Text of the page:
Planning a Summer Supper on the Grill
By Himanee Gupta-Carlson
A great perk of summer is eating outdoors. My husband and I do this as often as we can manage. About 7 p.m., he gathers up wood and gets a fire going in our old charcoal goal. As the wood burns down to coals, I prep. Then, we cook and eat slowly, sipping wine and beer, watching the sunset and sky darken to dusk.
What goes on the grill? Where does it come from?
Most of what we eat comes from our farm or the Saratoga Farmers’ Market. What goes on the grill depends on what’s in season at the market.
The centerpiece of most of our meals is a meat, farm-raised and brought to an ambient temperature, maybe brushed with a bit of Dancing Ewe Farm’s olive oil, maybe sprinkled with black pepper or garlic, maybe topped with finely chopped rosemary or sage.
The “maybes” are truly that. Options. The meats our farmers bring to market come from animals that feast on the flavorful bounty of outdoor pastures, and rarely require much to enhance their flavor. We rotate between chicken, goat, pork, fish, lamb, and beef, and often grill double portions so as to have leftovers for the next day’s breakfasts and lunches – or an indoor stir-fry or stew for dinner if it happens to rain.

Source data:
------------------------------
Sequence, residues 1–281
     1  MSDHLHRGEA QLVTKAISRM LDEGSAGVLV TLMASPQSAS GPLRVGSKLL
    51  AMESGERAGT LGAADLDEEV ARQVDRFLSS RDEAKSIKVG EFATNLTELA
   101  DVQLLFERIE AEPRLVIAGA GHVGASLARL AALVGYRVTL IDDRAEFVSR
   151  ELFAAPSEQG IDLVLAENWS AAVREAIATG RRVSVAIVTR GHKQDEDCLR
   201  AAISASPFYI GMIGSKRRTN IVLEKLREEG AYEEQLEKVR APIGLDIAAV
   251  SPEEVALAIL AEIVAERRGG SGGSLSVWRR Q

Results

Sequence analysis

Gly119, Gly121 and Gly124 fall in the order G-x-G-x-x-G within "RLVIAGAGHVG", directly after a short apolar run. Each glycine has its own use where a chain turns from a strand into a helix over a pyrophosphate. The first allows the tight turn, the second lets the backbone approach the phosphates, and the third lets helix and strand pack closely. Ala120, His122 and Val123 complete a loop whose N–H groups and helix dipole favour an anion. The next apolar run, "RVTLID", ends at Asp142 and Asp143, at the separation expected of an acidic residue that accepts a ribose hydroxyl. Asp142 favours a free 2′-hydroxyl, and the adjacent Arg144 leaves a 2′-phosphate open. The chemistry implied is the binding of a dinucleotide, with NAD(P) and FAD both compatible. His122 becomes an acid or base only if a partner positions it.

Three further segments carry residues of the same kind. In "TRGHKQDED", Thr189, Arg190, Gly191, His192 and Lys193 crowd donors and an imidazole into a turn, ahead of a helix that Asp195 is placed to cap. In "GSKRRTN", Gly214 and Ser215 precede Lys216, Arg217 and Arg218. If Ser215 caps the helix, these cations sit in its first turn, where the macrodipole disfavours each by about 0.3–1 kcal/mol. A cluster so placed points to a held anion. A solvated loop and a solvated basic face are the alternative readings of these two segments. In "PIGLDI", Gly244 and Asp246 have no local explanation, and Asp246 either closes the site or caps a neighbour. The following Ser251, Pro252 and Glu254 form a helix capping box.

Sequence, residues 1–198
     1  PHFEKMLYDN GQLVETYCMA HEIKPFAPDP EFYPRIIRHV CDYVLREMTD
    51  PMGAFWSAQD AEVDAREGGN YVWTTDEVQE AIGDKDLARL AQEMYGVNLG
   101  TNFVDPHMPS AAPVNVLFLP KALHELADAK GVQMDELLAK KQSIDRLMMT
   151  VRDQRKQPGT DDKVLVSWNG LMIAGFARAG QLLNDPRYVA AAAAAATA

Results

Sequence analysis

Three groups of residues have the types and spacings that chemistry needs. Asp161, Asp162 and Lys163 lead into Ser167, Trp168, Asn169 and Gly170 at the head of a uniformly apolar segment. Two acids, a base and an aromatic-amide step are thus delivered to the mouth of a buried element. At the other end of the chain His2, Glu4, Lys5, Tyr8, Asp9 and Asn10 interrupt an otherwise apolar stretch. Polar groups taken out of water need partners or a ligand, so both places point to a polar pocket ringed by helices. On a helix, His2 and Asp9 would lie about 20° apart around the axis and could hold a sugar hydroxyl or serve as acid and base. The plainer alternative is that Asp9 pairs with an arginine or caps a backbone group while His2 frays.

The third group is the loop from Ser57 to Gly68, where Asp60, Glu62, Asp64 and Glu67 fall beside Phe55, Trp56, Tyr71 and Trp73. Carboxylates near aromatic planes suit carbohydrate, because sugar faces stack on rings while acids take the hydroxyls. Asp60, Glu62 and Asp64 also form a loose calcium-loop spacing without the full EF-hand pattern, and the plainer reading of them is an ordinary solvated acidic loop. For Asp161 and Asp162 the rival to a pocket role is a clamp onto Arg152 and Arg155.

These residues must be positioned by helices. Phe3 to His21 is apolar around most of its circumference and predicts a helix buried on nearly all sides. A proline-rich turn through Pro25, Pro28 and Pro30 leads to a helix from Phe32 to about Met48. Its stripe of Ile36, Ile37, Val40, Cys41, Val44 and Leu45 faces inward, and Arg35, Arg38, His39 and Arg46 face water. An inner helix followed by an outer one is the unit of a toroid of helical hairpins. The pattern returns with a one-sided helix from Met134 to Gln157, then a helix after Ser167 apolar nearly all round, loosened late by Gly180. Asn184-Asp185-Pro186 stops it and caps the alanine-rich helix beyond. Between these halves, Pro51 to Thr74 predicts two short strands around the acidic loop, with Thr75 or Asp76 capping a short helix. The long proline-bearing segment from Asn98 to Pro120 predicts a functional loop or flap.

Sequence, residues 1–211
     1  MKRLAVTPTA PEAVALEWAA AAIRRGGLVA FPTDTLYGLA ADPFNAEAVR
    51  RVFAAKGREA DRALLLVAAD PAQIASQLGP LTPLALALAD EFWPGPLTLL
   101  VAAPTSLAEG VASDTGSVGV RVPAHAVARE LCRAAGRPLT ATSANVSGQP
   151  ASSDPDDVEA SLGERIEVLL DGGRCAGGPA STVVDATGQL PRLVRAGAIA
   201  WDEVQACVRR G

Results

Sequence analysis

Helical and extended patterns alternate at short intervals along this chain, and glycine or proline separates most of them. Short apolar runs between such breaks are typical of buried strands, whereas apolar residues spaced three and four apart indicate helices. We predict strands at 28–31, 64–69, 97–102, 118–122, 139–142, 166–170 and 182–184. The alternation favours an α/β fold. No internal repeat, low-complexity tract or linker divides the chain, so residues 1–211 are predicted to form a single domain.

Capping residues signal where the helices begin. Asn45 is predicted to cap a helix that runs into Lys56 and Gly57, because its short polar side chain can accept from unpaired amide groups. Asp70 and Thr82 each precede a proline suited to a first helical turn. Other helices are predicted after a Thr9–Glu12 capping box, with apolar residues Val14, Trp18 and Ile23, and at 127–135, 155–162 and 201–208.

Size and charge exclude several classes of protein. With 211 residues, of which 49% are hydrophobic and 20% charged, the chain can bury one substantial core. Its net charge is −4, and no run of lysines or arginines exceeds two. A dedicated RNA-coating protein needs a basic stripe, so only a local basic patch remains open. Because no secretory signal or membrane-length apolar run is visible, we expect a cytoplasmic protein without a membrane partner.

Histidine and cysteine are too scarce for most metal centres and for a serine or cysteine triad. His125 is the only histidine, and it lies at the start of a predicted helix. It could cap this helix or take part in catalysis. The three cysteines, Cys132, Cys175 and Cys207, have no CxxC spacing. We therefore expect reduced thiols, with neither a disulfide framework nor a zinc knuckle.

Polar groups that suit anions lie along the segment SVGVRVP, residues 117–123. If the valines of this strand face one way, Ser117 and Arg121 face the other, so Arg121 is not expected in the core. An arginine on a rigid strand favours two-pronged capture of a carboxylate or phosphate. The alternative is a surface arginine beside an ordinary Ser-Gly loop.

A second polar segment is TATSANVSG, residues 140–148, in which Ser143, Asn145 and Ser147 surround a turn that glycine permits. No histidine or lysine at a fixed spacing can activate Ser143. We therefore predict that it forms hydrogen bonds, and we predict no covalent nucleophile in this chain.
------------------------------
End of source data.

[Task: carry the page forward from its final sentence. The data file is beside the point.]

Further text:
While meat is the main course, the real stars are the sides: vegetables in all shapes, textures, and tastes.
I plan a supper’s vegetables around three basic cooking styles: roasted, sautéed, and right on the grill. Roasted is usually a starch – such as hakurei turnips, trimmed, wrapped in foil and cooked until fork-soft and slightly caramelized. For sautéing, try a bunch of seasonal greens such as tatsoi, tossed into a frying pan or wok with olive oil, lemon juice, and maybe chopped onion, green garlic, or chive. Stir fry the greens for 2-4 minutes until they have wilted. Right on the grill is anything that likes a slight singe. For instance, asparagus, cooked to a bright green, about two minutes.
Summer supper possibilities on the grill are endless. Try your own combinations and stop by the market to share your results.
The Saratoga Farmers’ Market is 3-6 p.m. Wednesdays and 9 a.m.-1 p.m. Saturdays at High Rock Park. Find us on Facebook Twitter, and Instagram, and check us out on the FreshFoodNY app. E-mail firstname.lastname@example.org for volunteer opportunities